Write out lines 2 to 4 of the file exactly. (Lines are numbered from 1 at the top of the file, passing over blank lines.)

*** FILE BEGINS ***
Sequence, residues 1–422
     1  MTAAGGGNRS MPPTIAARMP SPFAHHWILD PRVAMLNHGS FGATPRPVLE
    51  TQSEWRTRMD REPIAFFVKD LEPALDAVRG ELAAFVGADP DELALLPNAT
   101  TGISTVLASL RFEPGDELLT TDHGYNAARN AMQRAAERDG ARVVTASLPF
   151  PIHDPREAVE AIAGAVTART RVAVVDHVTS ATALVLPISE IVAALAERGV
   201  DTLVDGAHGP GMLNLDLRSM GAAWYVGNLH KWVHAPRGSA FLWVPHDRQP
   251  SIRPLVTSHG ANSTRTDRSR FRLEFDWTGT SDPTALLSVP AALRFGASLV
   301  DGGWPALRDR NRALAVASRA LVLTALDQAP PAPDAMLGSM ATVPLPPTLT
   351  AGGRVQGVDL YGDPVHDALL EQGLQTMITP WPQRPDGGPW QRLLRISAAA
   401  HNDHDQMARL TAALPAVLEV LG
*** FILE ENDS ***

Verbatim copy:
     1  MTAAGGGNRS MPPTIAARMP SPFAHHWILD PRVAMLNHGS FGATPRPVLE
    51  TQSEWRTRMD REPIAFFVKD LEPALDAVRG ELAAFVGADP DELALLPNAT
   101  TGISTVLASL RFEPGDELLT TDHGYNAARN AMQRAAERDG ARVVTASLPF